Where Do Old Airplanes Go?

Discussion in 'General Discussion | Travel' started by sobore, Jul 27, 2012.  |  Print Topic

  1. sobore
    Original Member

    sobore Gold Member

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    http://www.cntraveler.com/daily-traveler/2012/07/airplane-graveyards-aircraft-parts-engines
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    Have you ever wondered what happens to an airplane when an airline doesn't want it anymore? No, there is no Father Flanagan Home for Wayward Airplanes, but there are places that welcome them with open arms. Regardless of whether an airplane is owned or leased, there are plenty of options.
    If the airplane is lucky, then another airline will want it straight away. That's exactly what we're seeing with the recent decision by Southwest to sub-lease its fleet of 88 Boeing 717 aircraft to Delta.

    Southwest didn't want those airplanes, but they were young and efficient, so Delta jumped in. But things don't always work out so well.

    If an airline owns an airplane that it doesn't need, it can send it to a boneyard. The same goes for airplanes that come off leases; the lessors send airplanes to the desert if nobody else wants them. There are several airports throughout the U.S. that specialize in being homes for airplanes that nobody wants—Mojave and Victorville in California along with Goodyear and Pinal Airpark in Arizona are just a few of the facilities. The Desert Southwest, however, is a particularly welcome spot because dry air helps avoid corrosion. The populations at these airports can ebb and flow as times change.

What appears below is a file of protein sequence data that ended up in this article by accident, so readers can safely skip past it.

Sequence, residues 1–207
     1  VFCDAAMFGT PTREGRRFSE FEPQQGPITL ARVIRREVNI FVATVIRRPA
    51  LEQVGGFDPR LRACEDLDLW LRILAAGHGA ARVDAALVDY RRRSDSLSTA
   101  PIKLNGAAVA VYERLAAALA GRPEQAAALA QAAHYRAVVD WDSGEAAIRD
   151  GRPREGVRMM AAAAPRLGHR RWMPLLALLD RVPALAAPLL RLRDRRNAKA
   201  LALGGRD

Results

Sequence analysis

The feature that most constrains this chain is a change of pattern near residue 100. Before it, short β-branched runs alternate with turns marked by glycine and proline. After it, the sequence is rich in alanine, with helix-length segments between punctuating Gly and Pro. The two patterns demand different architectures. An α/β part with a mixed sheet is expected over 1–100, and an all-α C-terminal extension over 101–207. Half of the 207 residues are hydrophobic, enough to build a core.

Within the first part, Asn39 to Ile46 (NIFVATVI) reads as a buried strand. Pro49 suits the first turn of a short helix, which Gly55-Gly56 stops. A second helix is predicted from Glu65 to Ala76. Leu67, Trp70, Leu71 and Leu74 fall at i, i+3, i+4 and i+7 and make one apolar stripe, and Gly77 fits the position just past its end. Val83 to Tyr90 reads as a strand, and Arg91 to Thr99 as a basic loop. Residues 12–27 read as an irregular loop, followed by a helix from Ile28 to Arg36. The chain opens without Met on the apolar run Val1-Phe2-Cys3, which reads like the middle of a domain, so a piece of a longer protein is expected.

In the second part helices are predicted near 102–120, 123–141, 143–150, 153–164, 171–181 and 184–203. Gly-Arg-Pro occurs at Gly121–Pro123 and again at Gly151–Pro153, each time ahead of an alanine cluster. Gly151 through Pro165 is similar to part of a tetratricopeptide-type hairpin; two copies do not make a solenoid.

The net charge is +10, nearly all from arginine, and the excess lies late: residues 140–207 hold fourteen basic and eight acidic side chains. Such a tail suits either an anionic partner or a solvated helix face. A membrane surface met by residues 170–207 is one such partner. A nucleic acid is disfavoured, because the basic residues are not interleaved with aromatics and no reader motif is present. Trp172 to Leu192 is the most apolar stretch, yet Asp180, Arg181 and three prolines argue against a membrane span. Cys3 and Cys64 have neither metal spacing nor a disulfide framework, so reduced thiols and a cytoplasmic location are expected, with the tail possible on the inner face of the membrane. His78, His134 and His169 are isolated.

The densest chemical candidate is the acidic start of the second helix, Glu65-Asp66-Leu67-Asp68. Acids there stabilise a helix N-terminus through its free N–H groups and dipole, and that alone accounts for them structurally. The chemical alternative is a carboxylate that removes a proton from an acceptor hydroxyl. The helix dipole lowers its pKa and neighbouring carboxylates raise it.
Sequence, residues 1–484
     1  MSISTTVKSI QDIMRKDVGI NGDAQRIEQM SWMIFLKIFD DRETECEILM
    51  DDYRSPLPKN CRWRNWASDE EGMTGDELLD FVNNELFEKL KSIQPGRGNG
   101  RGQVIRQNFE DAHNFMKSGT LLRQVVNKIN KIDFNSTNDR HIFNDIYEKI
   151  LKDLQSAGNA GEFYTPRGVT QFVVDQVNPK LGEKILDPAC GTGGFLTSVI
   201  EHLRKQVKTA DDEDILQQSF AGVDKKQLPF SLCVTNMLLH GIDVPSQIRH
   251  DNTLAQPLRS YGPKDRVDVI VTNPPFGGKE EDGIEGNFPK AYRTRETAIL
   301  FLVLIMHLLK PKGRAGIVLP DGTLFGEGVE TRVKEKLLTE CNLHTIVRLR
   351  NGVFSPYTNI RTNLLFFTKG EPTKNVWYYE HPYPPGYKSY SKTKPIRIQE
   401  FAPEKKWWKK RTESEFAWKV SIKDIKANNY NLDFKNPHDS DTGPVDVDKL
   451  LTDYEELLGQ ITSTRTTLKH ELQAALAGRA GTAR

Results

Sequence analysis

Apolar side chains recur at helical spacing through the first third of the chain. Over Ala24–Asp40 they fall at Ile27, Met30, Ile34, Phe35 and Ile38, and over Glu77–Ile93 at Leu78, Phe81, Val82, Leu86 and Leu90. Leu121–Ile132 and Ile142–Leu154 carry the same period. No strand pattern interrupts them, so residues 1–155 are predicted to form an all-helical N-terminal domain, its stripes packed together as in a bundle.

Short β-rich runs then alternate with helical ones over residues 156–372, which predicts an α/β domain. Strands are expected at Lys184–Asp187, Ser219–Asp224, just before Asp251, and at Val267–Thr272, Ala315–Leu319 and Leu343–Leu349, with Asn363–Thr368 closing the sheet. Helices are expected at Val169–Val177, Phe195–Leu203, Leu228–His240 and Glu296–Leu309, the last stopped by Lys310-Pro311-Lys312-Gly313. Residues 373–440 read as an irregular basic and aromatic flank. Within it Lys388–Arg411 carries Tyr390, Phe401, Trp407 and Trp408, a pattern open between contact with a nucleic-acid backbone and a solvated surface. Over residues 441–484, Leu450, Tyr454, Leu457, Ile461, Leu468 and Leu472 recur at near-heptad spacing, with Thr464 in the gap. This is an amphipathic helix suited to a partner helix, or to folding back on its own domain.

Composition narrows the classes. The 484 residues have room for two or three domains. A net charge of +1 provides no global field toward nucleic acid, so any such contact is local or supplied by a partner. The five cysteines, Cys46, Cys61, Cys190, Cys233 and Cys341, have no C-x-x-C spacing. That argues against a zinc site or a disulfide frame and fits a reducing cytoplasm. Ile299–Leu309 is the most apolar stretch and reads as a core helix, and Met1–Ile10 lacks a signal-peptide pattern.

Read More: http://www.cntraveler.com/daily-traveler/2012/07/airplane-graveyards-aircraft-parts-engines
     
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  2. uggboy
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    uggboy Gold Member

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    Thanks for sharing, very interesting and often overlooked topic!:)
     
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  3. FlyingFree
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    FlyingFree Gold Member

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    A related story I'd be interested in is a report on the oldest commercial planes still in service, and their history; the several different airlines they've flown for, etc.
     
  4. Mapsmith
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    Mapsmith Gold Member

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    I think that among the US airlines, that AA has the oldest fleet. But worldwide, there are some out there that would be considered Museum specimens.
     
  5. muflyer

    muflyer Silver Member

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    @FlyingFree: Airliners.net may have some type of database or forum on that.
     
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